Flashcards in 767 Deck (113)
How does science differ from a layperson's approach to science?
1. We are explicit in what we're doing and why we're doing it. 2. We make a fundamental distinction between observations and inferences. 3. REPLICATION
What's the difference between observations and inferences?
Observation is the data collected. Inferences are anything else, including results (e.g. tentative conclusions, abstractions about reality, putting words to concepts)
How does the scientific model apply to clinical work?
1. Think scientifically 2. Check inferences 3. Identify and be explicit about assumptions we make 4. The goal is to be value-explicit, not value-free
Why should I become aware and explicit of my worldview and assumptions?
The alternative of being explicit and conscious is the risk of imposing values on others and making inaccurate assumptions.
Why do we live in an inductive world in Psychology?
There are no steadfast rules. Must infer from the data we collect.
What is the central problem of inductive science?
Error. All samples have error. Our efforts are all aimed at reducing this error.
What is the aim of science?
What is the relevance of the stocastic model to clinical work?
Clients present a sample of their behavior from the population of their experiential world. We must recognize that this is limited, not impose our worldviews, and attempt to understand from multiple vantage points (different theories)
What are Mike Ellis' current 8 steps of scientific research methods?
1. Identify/observe phenomenon 2. Formulate problem. 3. Explicate theorizing. 4. Research hypothesis. 5. Empirical test. 6. Data analysis.7. Interpretation. 8. Revise theory and retest.
What is the impact of paradigms in scientific inquiry?
They affect how we: 1. Construct theory 2. Explain what happens 3. Choose phenomenon to observe and ignore 4. Identify patterns 5. Identify what counts as data
What are the rules of categorization (partitioning)?
1. Categories must be set up according to the research problem. 2. Exhaustive 3. Mutually exclusive and independent 4. Each category (variable) is derived from one classification principle 5. Any categorization scheme must be on one level of discourse
Why should I graph my data?
Shows relations and their nature. Can show things you would miss with simple statistics (e.g. bimodal data)
What might cause negative results?
1. Incorrect theory and hypotheses 2. Inappropriate or incorrect methodology 3. Inadequate or poor measurement 4. Faulty analysis
What is the core procedure of statistical analysis?
1. Set up chance expectation as hypothesis (null hypothesis) 2. Try to fit empirical data to chance model 3. If empirical data fit chance model, they are not statistically significant. If data do not fit chance model, they are statistically significant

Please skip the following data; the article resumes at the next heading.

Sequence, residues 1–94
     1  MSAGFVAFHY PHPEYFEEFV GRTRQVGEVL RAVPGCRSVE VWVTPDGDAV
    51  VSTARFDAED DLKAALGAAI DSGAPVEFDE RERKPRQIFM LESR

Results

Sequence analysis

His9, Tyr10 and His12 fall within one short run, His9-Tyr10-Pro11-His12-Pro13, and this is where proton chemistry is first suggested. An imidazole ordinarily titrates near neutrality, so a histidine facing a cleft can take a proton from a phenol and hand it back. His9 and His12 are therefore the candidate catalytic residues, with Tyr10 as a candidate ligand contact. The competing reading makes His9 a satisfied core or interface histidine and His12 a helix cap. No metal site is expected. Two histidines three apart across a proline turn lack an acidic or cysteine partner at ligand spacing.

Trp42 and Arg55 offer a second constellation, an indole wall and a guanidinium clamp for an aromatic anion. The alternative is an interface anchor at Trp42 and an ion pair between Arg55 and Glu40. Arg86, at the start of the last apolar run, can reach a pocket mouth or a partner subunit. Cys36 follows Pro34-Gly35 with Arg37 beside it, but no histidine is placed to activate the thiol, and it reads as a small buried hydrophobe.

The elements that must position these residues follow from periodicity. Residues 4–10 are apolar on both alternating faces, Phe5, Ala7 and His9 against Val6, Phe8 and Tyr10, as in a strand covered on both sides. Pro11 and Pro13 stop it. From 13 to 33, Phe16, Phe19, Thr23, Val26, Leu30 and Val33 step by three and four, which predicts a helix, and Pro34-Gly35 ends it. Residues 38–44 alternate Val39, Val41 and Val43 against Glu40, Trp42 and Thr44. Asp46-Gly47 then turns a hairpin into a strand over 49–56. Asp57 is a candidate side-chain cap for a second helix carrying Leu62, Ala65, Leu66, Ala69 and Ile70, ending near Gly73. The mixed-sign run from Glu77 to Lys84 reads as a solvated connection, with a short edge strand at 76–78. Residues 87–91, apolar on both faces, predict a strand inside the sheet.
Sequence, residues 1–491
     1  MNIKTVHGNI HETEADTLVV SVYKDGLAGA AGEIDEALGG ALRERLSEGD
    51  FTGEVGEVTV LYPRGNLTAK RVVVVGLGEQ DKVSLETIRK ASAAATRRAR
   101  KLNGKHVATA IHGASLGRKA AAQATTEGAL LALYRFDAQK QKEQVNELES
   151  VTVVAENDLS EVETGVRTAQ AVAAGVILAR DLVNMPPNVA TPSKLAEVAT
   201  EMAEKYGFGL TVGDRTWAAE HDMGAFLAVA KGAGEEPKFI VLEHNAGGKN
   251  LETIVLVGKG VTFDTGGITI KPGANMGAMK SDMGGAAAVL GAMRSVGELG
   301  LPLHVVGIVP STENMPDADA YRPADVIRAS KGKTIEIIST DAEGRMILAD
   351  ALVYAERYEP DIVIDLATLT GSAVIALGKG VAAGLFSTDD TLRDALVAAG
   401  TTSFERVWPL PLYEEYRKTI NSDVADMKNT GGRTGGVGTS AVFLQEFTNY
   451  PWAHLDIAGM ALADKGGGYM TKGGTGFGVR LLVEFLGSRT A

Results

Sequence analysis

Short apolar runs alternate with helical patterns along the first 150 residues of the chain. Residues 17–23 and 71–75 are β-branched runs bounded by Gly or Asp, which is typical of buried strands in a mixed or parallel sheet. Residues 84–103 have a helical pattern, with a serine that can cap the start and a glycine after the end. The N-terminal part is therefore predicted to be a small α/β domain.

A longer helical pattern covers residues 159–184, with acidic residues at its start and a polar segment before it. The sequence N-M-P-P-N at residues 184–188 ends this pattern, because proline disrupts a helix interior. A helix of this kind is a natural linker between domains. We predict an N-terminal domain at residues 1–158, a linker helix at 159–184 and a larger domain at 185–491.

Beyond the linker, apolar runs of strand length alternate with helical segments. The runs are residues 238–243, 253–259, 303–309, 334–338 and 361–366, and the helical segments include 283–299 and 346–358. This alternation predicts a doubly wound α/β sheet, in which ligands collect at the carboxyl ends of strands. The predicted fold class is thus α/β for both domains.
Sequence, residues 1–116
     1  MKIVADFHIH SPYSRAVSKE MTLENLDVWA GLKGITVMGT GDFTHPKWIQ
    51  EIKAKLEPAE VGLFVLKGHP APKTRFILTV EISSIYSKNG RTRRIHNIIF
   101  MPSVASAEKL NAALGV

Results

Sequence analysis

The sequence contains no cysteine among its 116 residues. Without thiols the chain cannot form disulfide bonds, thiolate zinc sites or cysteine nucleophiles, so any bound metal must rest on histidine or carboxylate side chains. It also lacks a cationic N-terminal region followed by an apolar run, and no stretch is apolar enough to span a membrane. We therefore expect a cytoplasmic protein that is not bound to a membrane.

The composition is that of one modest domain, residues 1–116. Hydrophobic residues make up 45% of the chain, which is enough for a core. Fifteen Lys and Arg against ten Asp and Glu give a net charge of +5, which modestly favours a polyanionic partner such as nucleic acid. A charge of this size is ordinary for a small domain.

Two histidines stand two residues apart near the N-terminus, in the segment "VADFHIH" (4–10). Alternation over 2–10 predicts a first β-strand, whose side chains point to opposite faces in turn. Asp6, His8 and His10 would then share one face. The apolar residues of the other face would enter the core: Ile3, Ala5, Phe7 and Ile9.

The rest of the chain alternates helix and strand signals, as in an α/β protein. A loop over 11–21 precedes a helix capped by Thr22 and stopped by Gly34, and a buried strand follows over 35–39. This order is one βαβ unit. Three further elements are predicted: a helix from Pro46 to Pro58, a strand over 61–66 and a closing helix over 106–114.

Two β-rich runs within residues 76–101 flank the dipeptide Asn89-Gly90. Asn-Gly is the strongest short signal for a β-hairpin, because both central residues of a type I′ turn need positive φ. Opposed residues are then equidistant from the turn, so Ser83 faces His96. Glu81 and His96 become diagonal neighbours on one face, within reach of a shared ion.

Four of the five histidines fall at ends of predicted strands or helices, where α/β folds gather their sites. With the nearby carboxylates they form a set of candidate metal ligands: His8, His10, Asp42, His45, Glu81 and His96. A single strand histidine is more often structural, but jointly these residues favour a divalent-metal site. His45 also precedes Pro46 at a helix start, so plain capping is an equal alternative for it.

What is the law of large numbers?
With an increase in the size of sample, n, there is a decrease in the probability that the observed value of an event, A, will deviate from the true value of A by no more than a fixed amount, k. (Reduction of errors)
What are characteristics of the normal curve?
1. Unimodal 2. Symmetrical 3. Possesses certain mathematical properties
What is Popper's major contribution to scientific inquiry?
What is the key principle of falsificationism?
Aim to disprove, not prove, theory.
What are Jon Stewart Mill's five methods of elimination?
1. Method of agreement (constant conjunction) 2. Method of differences (absence of cause or absence of effect) 3. Method of joint agreement of differences (basis for control group vs. experimental group) 4. Method of residuals (notion of error) 5. Method of concomitant variance *look at how variables vary together if can't manipulate-- groundwork for correlation)
What is Jon Stewart Mill known for in scientific method?
1. Eliminating rival explanations 2. Testing multiple hypotheses 3. Control groups 4. Manipulating variables
What are Hume's principles for inferring causality?
1. Contiguity (events occur close together in space and time) 2. Temporal preference (A must come before B if it is cause of B) 3. Constant conjunction (A must always be present when B is present if A causes B
What is a better term for post-positivism?
What are principles of post-positivism?
1. Test with multiple competing hypotheses 2. Theory is viable to the extent to which it has been systematically been subject to and survived multiple attempts to confirm and disconfirm it 3. Disconfirmation is more effective
Two ways of defining a set.
1. List - listing all members of a set. 2. Rule - giving a rule for determining whether objects belong to a set
Two basic set operations
1. Intersection -- overlap of two or more sets (A AND B) 2. Union - Set that contains all members of one set and all members of another set (A OR B)
What are the 7 steps of the General Linear Model (GLM)
1. Specify the statistical hypotheses 2. Specify the statistical model 3. Estimate parameters of the model 4. Assess goodness of fit/effect size 5. Test hypotheses on the model parameters 6. Assess the adequacy of the model 7. Make a decision (to accept or reject the statistical hypotheses) based on this... accept or reject the research hypotheses
What are the four scales/levels of measurement?
1. Nominal 2. Ordinal 3. Interval 4. Ratio
How do you graph nominal data?
Bar, pie, or histogram (histogram if variable is on a continuum)
How do you graph ordinal data?
Frequency distribution, bar, pie, or histogram